when a day went by with no reply, we tried calling the commander ourselves. after several hours of busy tones and no reply, we managed to get through, and he said "Taxi service is only for VIPs. You're not a VIP, so you have to go by bus", (!) as if he hadn't understood our WHOLE REASON for applying for permission to go by taxi! when I told him that, yes, there was a problem to go by bus, because the buses are not handicap-accessible, he said 'this conversation is over', and hung up the phone. and of course we couldn't reach him again.

we looked into going by ambulance, but the hospitals told us that this was only possible if my fiance were going to jordan for specialized treatment at a hospital there -- but since he is handicapped, NOT SICK, and the trip to Jordan was for vacation, not treatment, they couldn't arrange for an ambulance for him.

so we were stuck with option #3 - to go with the rest of the people by bus. we left the house at 6 am and arrived into Jericho at 8. There were already several buses full of people waiting for their turn to cross. But we had called ahead to the Palestinian guards there and they let us go in front, which saved about two hours of waiting. But this was still on the Palestinian side.....our journey across the border had not yet even begun.

we had to leave our bags, the guards insisted that the Israelis would not allow us to have ANYTHING with us (even my fiance's wheelchair and his medicine -- ie. things needed for him to catheterize and use the toilet - which he needs to do every three hours), and they loaded the bags onto a truck along with everyone else's. we arrived to the first checkpoint and they wheeled out a chair for him.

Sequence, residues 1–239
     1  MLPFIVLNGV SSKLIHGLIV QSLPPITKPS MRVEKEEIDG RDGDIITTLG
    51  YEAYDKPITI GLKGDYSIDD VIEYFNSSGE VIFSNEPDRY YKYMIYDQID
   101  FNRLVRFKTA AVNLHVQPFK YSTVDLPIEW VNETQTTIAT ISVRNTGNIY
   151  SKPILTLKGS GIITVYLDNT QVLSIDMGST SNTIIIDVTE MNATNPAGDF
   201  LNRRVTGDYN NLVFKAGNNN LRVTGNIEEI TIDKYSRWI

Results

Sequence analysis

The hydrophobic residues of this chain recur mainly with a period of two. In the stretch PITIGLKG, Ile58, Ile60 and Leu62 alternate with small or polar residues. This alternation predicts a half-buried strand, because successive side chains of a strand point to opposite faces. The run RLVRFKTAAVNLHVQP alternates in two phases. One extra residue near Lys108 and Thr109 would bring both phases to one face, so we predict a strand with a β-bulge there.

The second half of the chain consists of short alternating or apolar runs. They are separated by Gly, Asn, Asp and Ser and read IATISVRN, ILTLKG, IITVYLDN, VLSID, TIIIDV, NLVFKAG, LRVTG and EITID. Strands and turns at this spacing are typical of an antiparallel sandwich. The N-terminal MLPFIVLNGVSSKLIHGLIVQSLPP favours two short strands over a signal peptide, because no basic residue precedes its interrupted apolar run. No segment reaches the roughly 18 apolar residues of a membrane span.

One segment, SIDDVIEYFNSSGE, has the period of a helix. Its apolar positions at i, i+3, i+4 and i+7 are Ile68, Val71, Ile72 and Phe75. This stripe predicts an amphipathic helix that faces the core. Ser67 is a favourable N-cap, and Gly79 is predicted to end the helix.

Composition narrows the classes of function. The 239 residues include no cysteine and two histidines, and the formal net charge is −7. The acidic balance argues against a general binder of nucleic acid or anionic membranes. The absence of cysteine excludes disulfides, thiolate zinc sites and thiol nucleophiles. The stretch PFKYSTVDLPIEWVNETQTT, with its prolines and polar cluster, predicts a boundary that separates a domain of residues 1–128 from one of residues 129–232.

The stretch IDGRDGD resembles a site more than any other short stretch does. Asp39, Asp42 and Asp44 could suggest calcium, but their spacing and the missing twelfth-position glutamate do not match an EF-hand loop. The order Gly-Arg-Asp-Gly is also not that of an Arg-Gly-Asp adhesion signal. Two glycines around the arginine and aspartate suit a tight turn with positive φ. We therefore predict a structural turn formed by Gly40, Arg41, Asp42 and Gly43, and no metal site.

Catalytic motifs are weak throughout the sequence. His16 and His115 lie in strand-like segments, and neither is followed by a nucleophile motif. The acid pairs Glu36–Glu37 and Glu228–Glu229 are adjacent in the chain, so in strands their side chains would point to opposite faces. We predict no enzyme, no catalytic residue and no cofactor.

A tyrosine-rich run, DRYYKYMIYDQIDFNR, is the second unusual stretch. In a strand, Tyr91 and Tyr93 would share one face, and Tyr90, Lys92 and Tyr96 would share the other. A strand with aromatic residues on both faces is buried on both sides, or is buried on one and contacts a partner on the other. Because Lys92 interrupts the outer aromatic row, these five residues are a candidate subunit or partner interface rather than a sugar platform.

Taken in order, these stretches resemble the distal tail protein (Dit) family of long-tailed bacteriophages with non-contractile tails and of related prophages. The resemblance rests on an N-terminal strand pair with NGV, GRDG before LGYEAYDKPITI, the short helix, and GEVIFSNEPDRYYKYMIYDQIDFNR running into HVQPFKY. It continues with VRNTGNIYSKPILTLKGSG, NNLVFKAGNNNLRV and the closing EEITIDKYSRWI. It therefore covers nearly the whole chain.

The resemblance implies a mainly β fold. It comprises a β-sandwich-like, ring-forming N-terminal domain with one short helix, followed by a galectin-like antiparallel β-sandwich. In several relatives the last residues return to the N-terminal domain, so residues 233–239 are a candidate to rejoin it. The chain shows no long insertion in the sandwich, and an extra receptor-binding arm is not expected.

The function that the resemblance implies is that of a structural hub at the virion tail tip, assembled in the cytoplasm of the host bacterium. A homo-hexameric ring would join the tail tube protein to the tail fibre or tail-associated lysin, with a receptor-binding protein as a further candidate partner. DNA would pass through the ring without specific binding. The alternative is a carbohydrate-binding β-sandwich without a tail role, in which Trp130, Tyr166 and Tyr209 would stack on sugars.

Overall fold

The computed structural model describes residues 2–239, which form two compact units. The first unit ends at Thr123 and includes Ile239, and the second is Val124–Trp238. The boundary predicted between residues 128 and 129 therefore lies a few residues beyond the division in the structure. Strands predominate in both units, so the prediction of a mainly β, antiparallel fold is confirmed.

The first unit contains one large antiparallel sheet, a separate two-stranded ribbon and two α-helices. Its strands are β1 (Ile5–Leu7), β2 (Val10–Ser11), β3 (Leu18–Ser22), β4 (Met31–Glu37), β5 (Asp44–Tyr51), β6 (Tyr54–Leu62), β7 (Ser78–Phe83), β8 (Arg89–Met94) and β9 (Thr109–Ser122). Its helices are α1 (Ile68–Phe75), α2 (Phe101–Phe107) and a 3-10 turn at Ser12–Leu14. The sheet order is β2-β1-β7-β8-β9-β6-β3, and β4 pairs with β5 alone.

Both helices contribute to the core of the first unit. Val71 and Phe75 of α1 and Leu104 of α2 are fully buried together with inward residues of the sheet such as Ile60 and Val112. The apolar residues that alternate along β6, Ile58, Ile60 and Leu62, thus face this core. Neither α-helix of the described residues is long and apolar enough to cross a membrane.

he transferred from the taxi into their chair, and we entered the checkpoint. as we got to the desk, an israeli soldier checked our passports, then said, "You can't go by bus. You have to get permission to go by ambulance." I explained to her that the Commander at the District Coordination Office had said that we couldn't have permission to go by taxi, that we would have to go by bus. She insisted that we couldn't go by bus, and that we'd have to go back to the District Coordination Office and get permission to go by ambulance. A male soldier, much more aggressive and agitated than the woman (or shall I say, girl -- all of them looked to be about 18 years old), then literally pushed us back across the gate where we had come in, saying we couldn't stay in the checkpoint, we had to go back.

Sitting in the hot sun outside the gate, I called the Administration office of the Allenby Bridge Border Crossing and told them the situation - that I was with a palestinian in a wheelchair at the Jericho checkpoint, and we needed to cross to Jordan. The person I spoke to must have been unaware of what the soldiers at the checkpoint had told us, because he said, "Okay, I will send a car over to fetch you right now." Well, he must have then checked with someone, who must have told him not to do that, because an hour later, no car had arrived, and we were still waiting in the hot sun outside the gate to the checkpoint. So I called again, and spoke to someone who was familiar with our situation already, and she said, "I thought you had said it was impossible for him to go by bus"....I answered, "no, not impossible, just extremely difficult." I guess she then called someone, because the next thing I knew, the first soldier, who had told us we couldn't go by bus, was opening the gate and motioning us to enter the checkpoint. As we arrived at the desk where she was standing, she said quietly, "OK, you can go by bus". And the soldier who had aggressively pushed us out of the checkpoint was nowhere to be seen.